EASA has issued a Notice of Proposed Amendment (NPA) that would integrate Safety Management Systems (SMS) into Part 145 maintenance organizations.  This NPA would represent a significant change to the language of Part 145.  The introduction to the rule change is 42 pages long, and the actual rule change is 142 pages long(!)  This rulemaking document is accompanied by a sister document that modifies Part M (continuing airworthiness organizations) and also a third  document that provides an explanation as well as a regulatory impact statement.  That is a total of 432 pages of rulemaking documentation for the integration of SMS into the EASA maintenance and continuing airworthiness regulations.

Despite the length (or perhaps because of it), the rule will bear attention by everyone in the aircraft parts distribution community.  In addition to integration of the traditional SMS elements, some of the areas where there are changes being made that will likely affect aircraft parts distributors include:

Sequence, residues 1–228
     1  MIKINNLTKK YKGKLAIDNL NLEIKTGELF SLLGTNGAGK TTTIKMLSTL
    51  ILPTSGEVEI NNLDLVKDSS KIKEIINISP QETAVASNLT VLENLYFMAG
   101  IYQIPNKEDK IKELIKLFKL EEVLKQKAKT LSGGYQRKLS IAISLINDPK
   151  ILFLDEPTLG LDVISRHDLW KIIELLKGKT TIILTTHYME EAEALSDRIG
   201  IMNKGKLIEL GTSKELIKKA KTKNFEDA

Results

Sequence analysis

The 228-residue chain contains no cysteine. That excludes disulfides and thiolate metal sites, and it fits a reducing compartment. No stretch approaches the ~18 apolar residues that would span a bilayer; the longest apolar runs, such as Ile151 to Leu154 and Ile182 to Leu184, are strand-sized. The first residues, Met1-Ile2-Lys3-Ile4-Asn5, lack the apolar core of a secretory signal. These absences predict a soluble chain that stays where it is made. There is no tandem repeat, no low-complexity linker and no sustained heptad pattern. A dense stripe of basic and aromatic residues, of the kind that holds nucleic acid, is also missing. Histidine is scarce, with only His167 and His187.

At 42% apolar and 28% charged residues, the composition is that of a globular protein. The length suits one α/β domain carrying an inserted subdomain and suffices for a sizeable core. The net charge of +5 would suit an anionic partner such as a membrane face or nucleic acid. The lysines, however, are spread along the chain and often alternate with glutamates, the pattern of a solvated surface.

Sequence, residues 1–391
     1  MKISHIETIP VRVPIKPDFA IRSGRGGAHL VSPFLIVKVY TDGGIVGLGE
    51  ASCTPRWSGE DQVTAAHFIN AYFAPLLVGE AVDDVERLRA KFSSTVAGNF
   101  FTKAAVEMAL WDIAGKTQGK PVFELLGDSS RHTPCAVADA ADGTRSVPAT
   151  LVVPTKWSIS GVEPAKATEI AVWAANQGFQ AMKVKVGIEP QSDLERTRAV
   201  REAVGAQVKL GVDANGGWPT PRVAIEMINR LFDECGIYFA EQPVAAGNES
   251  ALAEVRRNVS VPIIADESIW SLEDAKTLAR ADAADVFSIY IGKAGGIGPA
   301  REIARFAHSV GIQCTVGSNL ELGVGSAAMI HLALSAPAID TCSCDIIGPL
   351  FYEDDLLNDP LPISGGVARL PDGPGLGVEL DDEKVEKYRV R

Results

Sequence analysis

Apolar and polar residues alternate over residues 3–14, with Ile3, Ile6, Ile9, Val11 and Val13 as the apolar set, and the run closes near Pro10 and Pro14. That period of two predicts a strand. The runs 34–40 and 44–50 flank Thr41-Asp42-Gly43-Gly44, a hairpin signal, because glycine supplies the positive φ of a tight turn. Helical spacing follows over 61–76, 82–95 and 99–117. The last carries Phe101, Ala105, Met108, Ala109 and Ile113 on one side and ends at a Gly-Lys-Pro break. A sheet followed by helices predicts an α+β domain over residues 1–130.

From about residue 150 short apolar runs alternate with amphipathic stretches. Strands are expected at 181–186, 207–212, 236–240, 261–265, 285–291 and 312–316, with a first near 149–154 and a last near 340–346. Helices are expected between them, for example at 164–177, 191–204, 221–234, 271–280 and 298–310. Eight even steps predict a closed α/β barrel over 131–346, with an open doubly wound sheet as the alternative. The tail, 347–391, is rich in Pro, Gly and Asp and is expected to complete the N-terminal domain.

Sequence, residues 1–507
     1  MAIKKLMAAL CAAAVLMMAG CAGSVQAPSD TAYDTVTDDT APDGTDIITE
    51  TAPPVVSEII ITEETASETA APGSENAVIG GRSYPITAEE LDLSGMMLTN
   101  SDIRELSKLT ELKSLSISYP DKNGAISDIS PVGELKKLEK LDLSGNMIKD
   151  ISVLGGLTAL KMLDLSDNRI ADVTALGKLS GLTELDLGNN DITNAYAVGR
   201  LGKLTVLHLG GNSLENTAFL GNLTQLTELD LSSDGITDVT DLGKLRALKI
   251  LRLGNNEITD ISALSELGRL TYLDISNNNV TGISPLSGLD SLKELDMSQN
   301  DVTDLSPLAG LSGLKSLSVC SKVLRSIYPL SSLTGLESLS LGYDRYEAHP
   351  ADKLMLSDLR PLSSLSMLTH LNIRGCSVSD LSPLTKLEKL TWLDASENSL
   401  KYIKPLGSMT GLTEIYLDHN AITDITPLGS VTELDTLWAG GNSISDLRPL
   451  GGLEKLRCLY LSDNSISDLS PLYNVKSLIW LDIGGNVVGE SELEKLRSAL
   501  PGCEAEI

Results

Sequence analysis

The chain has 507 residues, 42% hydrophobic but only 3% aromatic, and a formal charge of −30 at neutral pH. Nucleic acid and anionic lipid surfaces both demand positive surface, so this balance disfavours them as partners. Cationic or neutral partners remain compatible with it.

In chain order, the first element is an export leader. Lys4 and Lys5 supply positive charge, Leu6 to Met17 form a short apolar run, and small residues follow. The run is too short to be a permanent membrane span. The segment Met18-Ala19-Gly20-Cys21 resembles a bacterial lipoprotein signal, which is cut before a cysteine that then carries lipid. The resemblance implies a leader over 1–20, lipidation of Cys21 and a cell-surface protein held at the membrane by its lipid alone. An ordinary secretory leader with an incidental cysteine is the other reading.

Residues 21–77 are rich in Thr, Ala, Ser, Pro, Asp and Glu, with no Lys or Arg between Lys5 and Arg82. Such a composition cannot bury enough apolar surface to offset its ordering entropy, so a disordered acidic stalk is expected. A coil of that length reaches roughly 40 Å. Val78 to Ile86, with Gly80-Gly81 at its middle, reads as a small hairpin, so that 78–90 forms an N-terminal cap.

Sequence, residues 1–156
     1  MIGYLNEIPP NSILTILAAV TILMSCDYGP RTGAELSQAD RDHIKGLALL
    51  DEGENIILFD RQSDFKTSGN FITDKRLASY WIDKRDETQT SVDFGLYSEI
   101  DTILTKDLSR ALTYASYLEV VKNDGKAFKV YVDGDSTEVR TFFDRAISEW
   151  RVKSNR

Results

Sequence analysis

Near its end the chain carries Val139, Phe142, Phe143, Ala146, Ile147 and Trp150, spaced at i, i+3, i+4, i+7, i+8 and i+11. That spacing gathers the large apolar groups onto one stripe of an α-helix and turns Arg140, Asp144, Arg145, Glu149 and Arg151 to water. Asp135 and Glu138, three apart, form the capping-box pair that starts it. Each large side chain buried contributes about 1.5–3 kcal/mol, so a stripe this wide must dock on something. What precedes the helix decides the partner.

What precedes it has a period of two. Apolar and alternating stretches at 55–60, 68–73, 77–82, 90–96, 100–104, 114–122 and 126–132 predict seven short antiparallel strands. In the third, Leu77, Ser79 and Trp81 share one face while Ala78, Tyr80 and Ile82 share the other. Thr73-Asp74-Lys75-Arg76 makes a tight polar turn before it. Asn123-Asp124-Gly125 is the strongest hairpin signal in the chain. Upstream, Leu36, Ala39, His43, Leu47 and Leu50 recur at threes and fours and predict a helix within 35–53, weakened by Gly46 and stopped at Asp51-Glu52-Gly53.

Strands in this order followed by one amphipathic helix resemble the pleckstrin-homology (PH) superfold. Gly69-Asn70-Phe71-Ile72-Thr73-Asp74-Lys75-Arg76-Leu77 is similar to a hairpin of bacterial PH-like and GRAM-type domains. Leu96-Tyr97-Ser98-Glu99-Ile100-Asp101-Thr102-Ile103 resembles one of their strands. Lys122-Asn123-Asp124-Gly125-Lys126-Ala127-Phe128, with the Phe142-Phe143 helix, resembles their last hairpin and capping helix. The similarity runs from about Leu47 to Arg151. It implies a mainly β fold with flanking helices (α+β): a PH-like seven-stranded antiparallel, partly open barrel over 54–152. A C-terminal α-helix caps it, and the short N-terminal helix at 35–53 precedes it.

• Standard parts
  • Raw materials and consumable parts
  • Traceability
  • Packaging requirements for parts and labeling requirements for the packaging
  • Control and disposition of unserviceable components
  • Return of data plates and serial numbers (for mutilated parts) to manufacturers

The proposal also appears to impose on Part 145 certain continuing airworthiness obligations that are traditionally delegated to Part M organizations.

EASA has asked for comments using the automated Comment-Response Tool (CRT).   The deadline for submission of comments is April 22, 2013.


House Aviation Hearing Focuses on Safety Management

The House of Representatives held a hearing this week on aviation safety issues; a significant focus of this hearing was on Safety Management Systems (SMS).  Both the private sector and the FAA testified about the importance of SMS.

FAA Associate Administrator Peggy Gilligan testified about the FAA’s progress on Safety Management Systems (SMS) implementation.  Congress passed a law requiring the FAA to implement SMS rules for air carriers.  Gilligan explained that the FAA has met its statutory deadlines for proposed SMS rule and that they are on track to be able to use SMS as a holistic tool that will allow industry and the FAA to spot safety trends, and to use these trends to be able to identify potential safety issues and correct them before they can lead to an accident or incident.